App builders sometimes want to use Excel to carry out calculations and return the results to Power Apps. This is particularly the case when we want to migrate existing logic in spreadsheets to Power Apps, or cases where we want to use Excel to call functions that are unavailable in Power Apps. An example is the Workdays function, as I described here.
One way to carry out this task is to use a combination of a Power Automate Flow and Office Script.
For those who are unfamiliar with Office Script, this is a feature that operates just like Excel macros but they apply to Excel files that are stored in SharePoint or OneDrive for Business. We create Office Script with the Typescript language (rather than VBA). Just like normal Excel macros, there is an Office Script recorder that simplifies the creation of scripts by recording screen actions. The documentation for Office Script is here:
Overview of how to return calculated values from Excel to Power AppsTo demonstrate the process, we'll take the demo mortgage loan calculator spreadsheet from the Microsoft Office templates website:
This spreadsheet enables users to enter input values in cells C4 to C8. These input values include the purchase price, interest rate, loan duration, and loan start date. Based on these input values, the spreadsheet calculates key statistics including the monthly loan payment value which is shown in cell D2. It also builds an amortisation table which is visible on a separate sheet.
This spreadsheet provides a good example of calculations that can be challenging to replicate in Power Apps.
The high-level overview of the process is to create an Office Script that sets the input values in the spreadsheet. This script returns the cell value that contains the monthly loan payment amount. We then build a Power Automate flow to call this Office Script, and we can then call this flow from Power Apps.
Creating an Office Script to set Excel spreadsheet valuesThe first step is to save the spreadsheet to SharePoint or OneDrive for Business. We open the spreadsheet in the browser and create a new office script by going to the Automate menu and clicking "New Script".
We'll name this script "Set Mortgage Loan Value" and the content of the script is shown below.
function main(workbook: ExcelScript.Workbook,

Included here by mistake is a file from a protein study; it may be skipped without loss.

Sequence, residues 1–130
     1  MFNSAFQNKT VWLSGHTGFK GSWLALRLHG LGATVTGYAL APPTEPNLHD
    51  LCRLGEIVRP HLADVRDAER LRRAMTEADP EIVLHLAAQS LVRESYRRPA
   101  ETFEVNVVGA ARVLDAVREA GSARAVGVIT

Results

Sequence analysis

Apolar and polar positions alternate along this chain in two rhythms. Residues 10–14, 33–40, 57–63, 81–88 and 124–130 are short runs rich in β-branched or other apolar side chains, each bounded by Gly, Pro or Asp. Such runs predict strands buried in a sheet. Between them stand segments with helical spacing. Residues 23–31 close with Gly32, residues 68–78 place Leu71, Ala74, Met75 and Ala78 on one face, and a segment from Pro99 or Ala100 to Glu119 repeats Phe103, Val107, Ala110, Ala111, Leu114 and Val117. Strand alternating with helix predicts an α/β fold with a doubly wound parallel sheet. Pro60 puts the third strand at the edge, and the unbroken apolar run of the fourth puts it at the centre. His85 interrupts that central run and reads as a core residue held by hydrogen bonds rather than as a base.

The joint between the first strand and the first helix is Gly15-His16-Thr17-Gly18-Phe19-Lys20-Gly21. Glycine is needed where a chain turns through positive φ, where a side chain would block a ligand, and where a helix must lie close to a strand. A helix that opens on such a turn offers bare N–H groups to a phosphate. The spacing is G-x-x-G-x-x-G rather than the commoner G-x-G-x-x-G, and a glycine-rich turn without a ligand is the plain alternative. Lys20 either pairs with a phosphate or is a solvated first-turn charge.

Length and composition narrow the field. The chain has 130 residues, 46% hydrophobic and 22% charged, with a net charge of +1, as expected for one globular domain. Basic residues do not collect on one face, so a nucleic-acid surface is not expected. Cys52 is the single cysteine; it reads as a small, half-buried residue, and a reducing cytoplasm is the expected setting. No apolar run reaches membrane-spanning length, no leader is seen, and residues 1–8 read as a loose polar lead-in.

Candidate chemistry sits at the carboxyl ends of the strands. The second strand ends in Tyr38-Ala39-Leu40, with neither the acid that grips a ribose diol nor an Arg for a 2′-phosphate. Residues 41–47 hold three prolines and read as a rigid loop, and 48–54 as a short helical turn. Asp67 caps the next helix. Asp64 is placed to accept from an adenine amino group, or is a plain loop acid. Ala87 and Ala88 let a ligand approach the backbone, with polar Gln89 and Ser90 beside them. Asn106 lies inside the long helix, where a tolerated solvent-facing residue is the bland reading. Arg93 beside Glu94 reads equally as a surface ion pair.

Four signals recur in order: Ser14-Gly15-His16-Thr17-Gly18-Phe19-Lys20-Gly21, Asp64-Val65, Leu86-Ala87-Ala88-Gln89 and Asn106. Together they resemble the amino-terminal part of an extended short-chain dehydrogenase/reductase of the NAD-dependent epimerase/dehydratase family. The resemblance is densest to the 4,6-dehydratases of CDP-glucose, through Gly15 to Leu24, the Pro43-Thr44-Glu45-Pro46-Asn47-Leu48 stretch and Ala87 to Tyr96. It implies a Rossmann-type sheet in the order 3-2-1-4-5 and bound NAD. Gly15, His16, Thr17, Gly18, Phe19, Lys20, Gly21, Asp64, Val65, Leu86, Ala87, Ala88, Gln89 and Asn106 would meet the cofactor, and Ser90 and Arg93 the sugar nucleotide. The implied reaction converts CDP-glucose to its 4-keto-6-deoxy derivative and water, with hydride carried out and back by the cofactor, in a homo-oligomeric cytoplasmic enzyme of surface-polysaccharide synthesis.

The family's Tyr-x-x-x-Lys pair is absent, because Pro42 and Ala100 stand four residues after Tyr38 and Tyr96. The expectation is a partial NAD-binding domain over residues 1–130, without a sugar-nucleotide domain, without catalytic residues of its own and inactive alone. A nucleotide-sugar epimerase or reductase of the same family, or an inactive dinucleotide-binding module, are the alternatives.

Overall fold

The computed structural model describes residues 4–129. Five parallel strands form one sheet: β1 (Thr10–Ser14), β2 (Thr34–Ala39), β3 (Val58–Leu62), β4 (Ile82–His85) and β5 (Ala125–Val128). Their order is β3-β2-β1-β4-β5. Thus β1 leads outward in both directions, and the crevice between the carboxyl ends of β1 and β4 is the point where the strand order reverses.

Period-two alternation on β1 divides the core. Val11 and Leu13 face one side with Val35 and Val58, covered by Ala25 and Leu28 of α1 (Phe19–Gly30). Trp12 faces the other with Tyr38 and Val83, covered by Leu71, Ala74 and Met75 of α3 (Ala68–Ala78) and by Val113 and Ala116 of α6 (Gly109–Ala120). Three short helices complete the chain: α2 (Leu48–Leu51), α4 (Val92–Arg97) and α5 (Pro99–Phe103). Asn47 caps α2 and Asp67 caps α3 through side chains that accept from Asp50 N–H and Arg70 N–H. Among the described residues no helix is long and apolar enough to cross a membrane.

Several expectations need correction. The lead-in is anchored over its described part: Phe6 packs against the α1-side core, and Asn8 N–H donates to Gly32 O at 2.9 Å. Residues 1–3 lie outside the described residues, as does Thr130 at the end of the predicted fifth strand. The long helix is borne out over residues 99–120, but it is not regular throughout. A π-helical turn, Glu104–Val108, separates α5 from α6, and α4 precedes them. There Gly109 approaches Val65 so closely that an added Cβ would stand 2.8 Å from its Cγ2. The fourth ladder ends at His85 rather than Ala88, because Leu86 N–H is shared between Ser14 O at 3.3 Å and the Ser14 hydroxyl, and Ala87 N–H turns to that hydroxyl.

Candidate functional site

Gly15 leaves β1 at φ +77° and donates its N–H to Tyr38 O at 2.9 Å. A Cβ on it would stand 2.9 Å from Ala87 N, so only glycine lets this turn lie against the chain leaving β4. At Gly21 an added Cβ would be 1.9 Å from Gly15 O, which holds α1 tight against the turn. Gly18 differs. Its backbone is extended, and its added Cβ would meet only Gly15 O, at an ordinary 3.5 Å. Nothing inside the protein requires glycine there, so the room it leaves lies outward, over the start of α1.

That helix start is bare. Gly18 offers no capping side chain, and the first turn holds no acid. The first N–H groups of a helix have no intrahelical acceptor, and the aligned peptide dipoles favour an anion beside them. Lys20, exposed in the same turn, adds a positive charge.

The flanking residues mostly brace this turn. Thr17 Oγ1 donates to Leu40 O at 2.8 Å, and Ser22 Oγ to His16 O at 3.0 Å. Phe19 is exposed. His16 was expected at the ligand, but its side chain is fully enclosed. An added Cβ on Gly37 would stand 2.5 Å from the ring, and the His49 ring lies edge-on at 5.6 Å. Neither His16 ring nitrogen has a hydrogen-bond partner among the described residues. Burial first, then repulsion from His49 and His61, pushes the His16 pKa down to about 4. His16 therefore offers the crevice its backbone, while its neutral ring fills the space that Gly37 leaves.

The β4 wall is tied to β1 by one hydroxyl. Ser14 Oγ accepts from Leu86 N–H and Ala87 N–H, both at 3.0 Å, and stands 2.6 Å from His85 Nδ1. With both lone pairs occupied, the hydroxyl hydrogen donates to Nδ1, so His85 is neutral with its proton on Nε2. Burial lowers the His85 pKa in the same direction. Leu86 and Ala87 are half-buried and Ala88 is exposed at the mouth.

let sheet = workbook.getActiveWorksheet();
The signature of the main function always includes a workbook parameter. We include additional input parameters of data type 'number' that corresponds to each spreadsheet cell that we want to set.
The main part of the script sets the cell values C4 to C7 and at the end of the script, we return the value of the cell D2. This is the cell that contains the calculation for the monthly loan payment value.
Creating a Power Automate flow to call the Office ScriptTo call an office script, we use a Power automate flow. We create a new 'instant cloud' flow with the Power Apps trigger and use the Excel online business connector to connect to the spreadsheet. We select the 'Run script' action and enter the location, document library name, and file name.
We use the script dropdown to select the office script. This populates the action with the parameter names and we set each parameter to the dynamic content - "Ask in PowerApps".
At the end of the flow, we add a "Respond to a PowerApp or flow" action to return the result of the "Run script" action to Power Apps. Note that we choose the option to return the 'MonthlyPayment' result as a string rather than a number. The reason for this is to overcome a bug where Power Apps can fail to recognise Excel numbers that contain excessive number of decimal places.
The screenshot of the entire flow is shown here.
Calling the Power Automate flow from Power AppsFrom Power Apps, we can now connect to this flow and set the necessary values. The screenshot beneath illustrates how this looks. This screen includes text input controls for each of the input values.
The OnSelect property of the "calculate monthly payment" button looks like this:
The formula sets the return value of the flow to a variable called varResult. We can then display the result of varResult in a label and the screenshot below highlights how this looks with additional formatting.
Finally, we can open the spreadsheet and verify that the values have been set correctly and that the output value in Excel (£7,493 rounded) matches the value that we see in Power Apps (£7,492.72).
A very useful technique is to perform calculations in Excel and to display the output in Power Apps. Key use case scenarios include migration situations or requirements where we want to perform complex calculations using formulas that don't exist in PowerFX. This post summarised how we can carry out this task using a combination of Office Script and a Power Automate flow.